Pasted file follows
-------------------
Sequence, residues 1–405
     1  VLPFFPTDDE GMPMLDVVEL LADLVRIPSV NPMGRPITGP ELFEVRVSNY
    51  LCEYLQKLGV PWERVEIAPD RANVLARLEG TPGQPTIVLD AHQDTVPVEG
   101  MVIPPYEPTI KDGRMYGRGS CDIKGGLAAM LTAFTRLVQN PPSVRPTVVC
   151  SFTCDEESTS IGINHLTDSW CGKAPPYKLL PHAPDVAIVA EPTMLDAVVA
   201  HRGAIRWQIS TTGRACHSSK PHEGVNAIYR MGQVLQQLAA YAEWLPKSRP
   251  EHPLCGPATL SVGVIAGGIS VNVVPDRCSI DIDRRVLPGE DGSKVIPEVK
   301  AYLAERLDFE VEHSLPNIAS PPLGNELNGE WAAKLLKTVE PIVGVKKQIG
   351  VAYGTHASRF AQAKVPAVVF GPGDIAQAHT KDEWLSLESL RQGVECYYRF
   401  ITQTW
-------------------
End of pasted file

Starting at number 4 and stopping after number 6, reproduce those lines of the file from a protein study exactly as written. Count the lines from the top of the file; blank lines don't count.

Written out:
   101  MVIPPYEPTI KDGRMYGRGS CDIKGGLAAM LTAFTRLVQN PPSVRPTVVC
   151  SFTCDEESTS IGINHLTDSW CGKAPPYKLL PHAPDVAIVA EPTMLDAVVA
   201  HRGAIRWQIS TTGRACHSSK PHEGVNAIYR MGQVLQQLAA YAEWLPKSRP